The Court explained that in Hunt v. Washington State Apple Advertising Commission, 432 U.S. 333, 343 (1977), the Supreme Court held that an association has standing to sue on behalf of its members when: "(a) its members would otherwise have standing to sue in their own right; (b) the interests it seeks to protect are germane to the organization's purpose; and (c) neither the claim asserted nor the relief requested requires the participation of individual members in the lawsuit." The Court noted that the first two (2) requirements were constitutional, while the third was "prudential" and could be abrogated by statute. See United Food & Comm. Workers Union Local 751 v. Brown Grp., 517 U.S. 544, 557-58 (1996). The Court found that, in this case, the third Hunt requirement was not applicable in light of the role Congress assigned under PAIMI to advocacy organizations such as CLASI. See Oregon Advocacy Ctr. v. Mink, 322 F.3d 1101, 1113 (9th Cir. 2003) (holding that by authorizing PAIMI P&As to sue on behalf of individuals with mental illness, Congress abrogated the third, prudential standing requirement). Thus, the Court considered only the first two (2) Hunt requirements.
The Court explained that, under Hunt, an organization may have standing to sue on behalf of its constituents if its constituents possess "all of the indicia of membership in an organization." See Hunt, 432 U.S. at 395. The Court further explained that PAIMI required that the governing board of a PAIMI P&A "shall be composed of ... members ... who broadly represent or are knowledgeable about the needs of the clients served by the system," where such members are defined to include "individuals who have received or are receiving mental health services and family members of such individuals." See 42 U.S.C. § 10805(c)(l)(B). Also, a PAIMI P&A must:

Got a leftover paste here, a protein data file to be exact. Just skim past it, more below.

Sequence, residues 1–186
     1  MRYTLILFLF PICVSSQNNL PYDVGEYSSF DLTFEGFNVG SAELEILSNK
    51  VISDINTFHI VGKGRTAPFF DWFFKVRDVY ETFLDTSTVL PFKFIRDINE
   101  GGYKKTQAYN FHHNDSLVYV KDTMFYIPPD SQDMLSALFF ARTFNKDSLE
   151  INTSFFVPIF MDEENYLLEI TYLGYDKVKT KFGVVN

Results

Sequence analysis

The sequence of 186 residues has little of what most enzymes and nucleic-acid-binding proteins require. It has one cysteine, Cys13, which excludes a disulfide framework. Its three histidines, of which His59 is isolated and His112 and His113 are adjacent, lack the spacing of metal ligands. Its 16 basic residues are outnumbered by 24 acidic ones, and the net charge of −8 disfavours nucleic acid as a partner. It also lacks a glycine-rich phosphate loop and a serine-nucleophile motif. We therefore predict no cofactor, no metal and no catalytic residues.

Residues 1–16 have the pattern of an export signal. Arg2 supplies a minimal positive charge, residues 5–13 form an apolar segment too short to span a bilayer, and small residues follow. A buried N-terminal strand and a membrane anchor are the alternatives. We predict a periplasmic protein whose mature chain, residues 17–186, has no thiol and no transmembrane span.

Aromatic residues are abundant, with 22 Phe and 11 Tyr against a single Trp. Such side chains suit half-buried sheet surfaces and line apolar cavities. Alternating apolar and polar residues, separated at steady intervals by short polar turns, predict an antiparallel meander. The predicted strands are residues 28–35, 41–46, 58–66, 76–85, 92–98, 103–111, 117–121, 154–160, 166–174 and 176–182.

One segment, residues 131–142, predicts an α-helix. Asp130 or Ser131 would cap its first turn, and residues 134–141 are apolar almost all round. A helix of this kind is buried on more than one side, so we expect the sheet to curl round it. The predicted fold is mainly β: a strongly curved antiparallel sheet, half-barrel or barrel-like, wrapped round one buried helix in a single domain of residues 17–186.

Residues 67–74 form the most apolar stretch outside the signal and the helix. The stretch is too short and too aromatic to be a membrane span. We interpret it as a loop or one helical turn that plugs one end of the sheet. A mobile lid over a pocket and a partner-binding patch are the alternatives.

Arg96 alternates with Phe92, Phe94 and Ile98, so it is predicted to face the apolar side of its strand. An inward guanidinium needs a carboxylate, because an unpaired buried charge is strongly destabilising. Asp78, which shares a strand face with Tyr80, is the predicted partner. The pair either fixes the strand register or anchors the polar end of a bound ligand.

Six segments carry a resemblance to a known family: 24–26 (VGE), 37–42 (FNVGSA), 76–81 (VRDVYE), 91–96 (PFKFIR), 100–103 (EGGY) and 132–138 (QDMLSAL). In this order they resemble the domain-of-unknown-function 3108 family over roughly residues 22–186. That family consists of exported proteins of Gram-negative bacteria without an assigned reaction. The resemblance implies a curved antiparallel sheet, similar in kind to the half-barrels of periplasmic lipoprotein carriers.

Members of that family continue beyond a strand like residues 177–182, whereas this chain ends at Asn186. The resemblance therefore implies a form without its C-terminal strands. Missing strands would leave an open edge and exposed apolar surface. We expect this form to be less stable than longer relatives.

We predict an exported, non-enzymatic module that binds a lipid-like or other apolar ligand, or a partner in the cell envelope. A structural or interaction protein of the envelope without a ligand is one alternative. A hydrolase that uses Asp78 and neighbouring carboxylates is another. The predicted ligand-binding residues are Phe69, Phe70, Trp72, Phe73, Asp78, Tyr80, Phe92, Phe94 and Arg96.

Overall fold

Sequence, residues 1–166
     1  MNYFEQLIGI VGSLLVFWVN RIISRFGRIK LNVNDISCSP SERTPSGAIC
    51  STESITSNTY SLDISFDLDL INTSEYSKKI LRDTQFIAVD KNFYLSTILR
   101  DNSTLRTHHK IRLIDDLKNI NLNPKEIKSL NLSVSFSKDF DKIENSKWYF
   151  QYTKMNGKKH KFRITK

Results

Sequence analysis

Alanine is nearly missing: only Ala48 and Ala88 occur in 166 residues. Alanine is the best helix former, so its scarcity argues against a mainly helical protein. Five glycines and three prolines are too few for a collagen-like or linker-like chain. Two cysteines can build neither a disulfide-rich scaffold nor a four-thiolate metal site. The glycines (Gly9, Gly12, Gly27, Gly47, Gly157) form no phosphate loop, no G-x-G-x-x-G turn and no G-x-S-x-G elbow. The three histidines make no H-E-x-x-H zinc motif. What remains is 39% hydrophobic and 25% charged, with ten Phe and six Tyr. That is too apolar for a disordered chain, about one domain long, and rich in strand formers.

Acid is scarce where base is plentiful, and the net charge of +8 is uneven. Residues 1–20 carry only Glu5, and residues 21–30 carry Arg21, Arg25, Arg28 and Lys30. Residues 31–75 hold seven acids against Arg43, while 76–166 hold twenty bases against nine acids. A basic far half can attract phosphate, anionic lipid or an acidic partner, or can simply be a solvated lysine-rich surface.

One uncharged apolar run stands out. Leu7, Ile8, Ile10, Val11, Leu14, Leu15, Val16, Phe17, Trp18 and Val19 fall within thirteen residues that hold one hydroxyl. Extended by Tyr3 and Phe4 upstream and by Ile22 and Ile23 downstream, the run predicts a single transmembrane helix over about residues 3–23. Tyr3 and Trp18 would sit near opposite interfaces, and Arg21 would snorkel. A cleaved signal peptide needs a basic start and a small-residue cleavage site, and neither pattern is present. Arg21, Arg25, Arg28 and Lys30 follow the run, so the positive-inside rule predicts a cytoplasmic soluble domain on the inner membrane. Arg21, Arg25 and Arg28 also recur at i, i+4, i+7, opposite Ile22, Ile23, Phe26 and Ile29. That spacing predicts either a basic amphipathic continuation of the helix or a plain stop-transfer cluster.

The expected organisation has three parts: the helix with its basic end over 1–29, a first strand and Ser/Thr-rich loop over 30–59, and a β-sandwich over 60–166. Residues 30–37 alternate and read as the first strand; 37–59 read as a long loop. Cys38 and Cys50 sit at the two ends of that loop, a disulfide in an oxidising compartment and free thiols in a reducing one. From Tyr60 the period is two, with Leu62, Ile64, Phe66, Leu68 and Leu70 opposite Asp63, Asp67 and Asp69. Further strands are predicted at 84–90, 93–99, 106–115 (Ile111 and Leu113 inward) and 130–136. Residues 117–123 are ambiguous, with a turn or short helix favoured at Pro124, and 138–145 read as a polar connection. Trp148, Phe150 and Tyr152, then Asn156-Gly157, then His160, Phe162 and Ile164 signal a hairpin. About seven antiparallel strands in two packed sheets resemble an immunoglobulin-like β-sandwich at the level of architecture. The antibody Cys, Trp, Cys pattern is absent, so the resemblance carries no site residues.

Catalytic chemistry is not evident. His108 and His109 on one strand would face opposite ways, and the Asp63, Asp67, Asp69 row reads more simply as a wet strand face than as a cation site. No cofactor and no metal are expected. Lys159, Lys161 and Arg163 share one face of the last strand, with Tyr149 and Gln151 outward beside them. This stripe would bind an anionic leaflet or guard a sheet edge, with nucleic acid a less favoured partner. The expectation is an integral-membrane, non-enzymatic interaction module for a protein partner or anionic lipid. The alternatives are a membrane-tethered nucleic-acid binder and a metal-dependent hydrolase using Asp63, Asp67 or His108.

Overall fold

See 42 U.S.C. §§ 10805(a)(6)-(9).
In its Complaint, CLASI averred that it had been Delaware's PAIMI P&A since PAIMI was enacted in 1986. Accordingly, CLASI claimed that it established an advisory council, interviewed mentally ill prisoners, evaluated the records of mentally ill prisoners with the aid of a psychiatrist, discussed deficiencies in DOC’s treatment of prisoners with serious mental illness with Coupe's counsel, and has members who broadly represent or are knowledgeable about the needs of mentally ill prisoners. Considering the facts in the light most favorable to CLASI, the Court accepted CLASI’s assertions as true.
CLASI further averred that it met the second Hunt factor because protecting and advocating for people with mental illness was central to CLASI's statutory purpose. See 42 U.S.C. § 1080l(b). The Court agreed that CLASI met the second Hunt requirement. The Court explained that, considering the facts asserted in the light most favorable to CLASI, its constituents possessed the indicia of a membership organization, thereby establishing organizational standing. See Doe v. Stincer, 175 F.3d 879, 886 (11th Cir. 1999) (holding that a PAIMI organization "may sue on behalf of its constituents like a more traditional association may sue on behalf of its members").
For the foregoing reasons, the Court denied Coupe's motion to dismiss for lack of standing.